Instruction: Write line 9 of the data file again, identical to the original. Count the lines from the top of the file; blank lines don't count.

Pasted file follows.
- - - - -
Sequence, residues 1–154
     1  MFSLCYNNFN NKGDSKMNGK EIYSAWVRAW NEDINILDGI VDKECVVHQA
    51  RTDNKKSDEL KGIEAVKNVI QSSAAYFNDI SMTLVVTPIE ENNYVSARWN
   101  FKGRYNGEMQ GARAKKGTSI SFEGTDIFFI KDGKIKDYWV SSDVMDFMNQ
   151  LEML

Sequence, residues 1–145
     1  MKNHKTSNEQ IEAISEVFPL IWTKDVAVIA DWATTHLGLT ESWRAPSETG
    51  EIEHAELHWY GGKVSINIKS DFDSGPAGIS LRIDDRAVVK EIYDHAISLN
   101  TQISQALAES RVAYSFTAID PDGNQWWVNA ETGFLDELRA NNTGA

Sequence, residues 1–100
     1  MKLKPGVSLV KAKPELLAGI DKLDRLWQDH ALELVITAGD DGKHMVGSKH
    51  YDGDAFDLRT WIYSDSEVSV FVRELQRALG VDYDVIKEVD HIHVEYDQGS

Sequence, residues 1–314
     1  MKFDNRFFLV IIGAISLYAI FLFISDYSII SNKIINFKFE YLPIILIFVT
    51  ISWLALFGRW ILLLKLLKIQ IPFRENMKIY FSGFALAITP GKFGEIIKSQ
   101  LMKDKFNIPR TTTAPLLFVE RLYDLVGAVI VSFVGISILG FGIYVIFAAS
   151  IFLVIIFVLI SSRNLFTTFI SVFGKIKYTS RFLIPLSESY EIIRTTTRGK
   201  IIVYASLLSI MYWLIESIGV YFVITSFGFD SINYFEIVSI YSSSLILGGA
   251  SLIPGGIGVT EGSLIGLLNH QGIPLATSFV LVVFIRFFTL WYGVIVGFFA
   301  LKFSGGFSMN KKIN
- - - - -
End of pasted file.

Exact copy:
   101  TQISQALAES RVAYSFTAID PDGNQWWVNA ETGFLDELRA NNTGA